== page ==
We’re selfish creatures.
No matter how good of a show we put on for the rest of the world, our default natural tendency is to think of ourselves first. It’s just what we do. The only difference being some of us are better than others at hiding it.
Selflessness is like exercising a muscle – if you neglect it, atrophy sets in and it withers away. It takes work to consistently maintain an outward looking disposition. As I found out last night, apparently I am not working hard enough.
I was about to lecture an obnoxious teenager on the train. Thankfully, God woke me up just in time to let me see what was on his shirt. That not only saved me from making a major fool of myself, but it taught me a valuable lesson. One I already knew, but definitely needed to be reminded.
Let me give you a quick background:
Monday was just one of those days.
There was a train derailment in NYC, causing major havoc on the commuter lines. No serious injuries, thankfully, but my trek to and from work was instantly a casualty. I have a crazy enough commute as it is – I live in Bucks County, Pennsylvania and ride the train into Midtown Manhattan. That takes about 90 minutes each way on a normal day, but when an incident like this happens it could be anywhere from 2-4 hours or worse.
The derailment was announced on my train ride in, forcing me to take a detour into lower Manhattan. That ended up taking me an extra 90 minutes or so to arrive to the office, and cost an extra $25 in cab fare. On the bright side, I saw the new World Trade Center and the 9/11 memorial for the first time — they are spectacular.
Really incredible sight – but apparently not enough to make me stop focusing on myself. For the rest of the day the thought of the commute home lingered in the back of my mind. I was dreading it, frankly.
I managed to make it off the island to the train station at Newark, New Jersey where I would transfer to Trenton.
I waited nearly three hours for that train to come.
At this point, I’m really trying my best not to have a train rage incident. People get a little wacky during massive train delays – myself included. The slightest wrong bump into someone could trigger a platform brawl. I’ve seen it happen before.
Mercifully, around 10:30pm my train arrives. I am terribly exhausted, and really excited to finally put my head back and relax a little on the train ride home. I find a seat, toss my backpack (which feels like it weighs 1,000 lbs) into the empty seat next to me, then I exhale.
Then I hear it. The most annoying sound in the world.
It’s a teenager playing a video game. No headphones on, sound effects blasting. It’s soccer, and there’s this incredibly obnoxious referee whistle that blared every few seconds. Incessantly. Worse than one of my kids annoying toys.
Now, I’m right behind this kid. He’s with his mom and she’s not saying anything. I assume she’s a lazy parent and she’s just given up on attempting to admonish him. I feel like that with my kids now and then — like, how many times do I need to tell them to flush the toilet before they actually do it? Or put on their shoes? Or wash their hands? Or stop pummeling your brother? And the list goes on. So I get it, but I’m feeling a bit like Steve Martin in Planes, Trains and Automobiles. I just want to get home in peace, and this kid is ruining everything.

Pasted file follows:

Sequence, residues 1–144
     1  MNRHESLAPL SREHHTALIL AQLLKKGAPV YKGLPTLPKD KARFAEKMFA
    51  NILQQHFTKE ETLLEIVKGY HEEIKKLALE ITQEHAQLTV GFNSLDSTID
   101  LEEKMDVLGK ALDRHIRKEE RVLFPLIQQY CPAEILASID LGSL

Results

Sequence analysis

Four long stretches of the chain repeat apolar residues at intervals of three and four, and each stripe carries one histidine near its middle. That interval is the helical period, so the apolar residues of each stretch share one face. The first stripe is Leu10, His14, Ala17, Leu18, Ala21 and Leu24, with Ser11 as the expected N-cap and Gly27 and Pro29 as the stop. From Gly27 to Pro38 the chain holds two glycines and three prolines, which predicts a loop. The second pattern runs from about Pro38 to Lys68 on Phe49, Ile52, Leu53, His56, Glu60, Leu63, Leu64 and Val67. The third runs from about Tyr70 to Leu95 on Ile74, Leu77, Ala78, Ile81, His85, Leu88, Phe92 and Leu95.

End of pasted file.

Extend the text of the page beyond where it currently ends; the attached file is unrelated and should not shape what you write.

I am just oozing with righteous indignation, ready to embarrass this kid, who obviously doesn’t realize how annoying he’s being. I decide to lead with a few blatantly loud sighs, hoping that would jar him out of his momentary lapse of judgment.
Now there’s a real decision to be made. Do I say something? The whistle is NON. STOP. It’s all I can hear now.
I’ve seen ‘that guy’ on the train tell someone to be quiet. It’s never pretty, and deep down inside I don’t want to be that guy. But man, that sound is annoying! And I forgot my headphones, so there was no escape. What to do?
Then, just before I’m about to take the plunge and be that guy, I snapped out of my self absorbed state and noticed HIM for a minute. The kid who is making all of this noise. I had been staring in disgust at his device, but suddenly I noticed something on his sleeve. There was a logo that stopped me dead in my tracks.
It read: Special Olympics.
Now I notice his face. He’s incessantly smacking his lips.
I had been so obsessed with my own trials and tribulations of getting home, I completely lost all perspective on the world around me. I failed to notice this was a youngster with special needs. It was only but for the grace of God that I didn’t lose control and make a bigger scene. I’m thankful my eyes were opened when they were. The moment I snapped out of it my heart immediately softened.
Instantly, I felt sorry that I hadn’t looked at this mom and son with empathy rather than pure, selfish irritation. I began to think of that mother and what it must’ve been like for her to find out her child would live life with a disability.
How she must worry about how the other kids would treat him.
Would he sit alone at lunch?
Would he be taunted and teased?
I thought about how tired she must be after being on constant guard all these years.
I also thought about how petty and foolish I’d been to be more concerned about how the volume level in the room was impacting ME more than anything else. The entire episode made me realize how damaging it is to be so self-absorbed. When that happens, it shuts down our empathy gene and we fail to see the plight of others. The humanity of others.
Suddenly, my five hour commute didn’t seem like such a heavy burden to carry. Pretty amazing what a simple little shift in perspective can do to for the soul, for others, and for humanity.
This post originally appeared on Faithwire. It was republished with permission.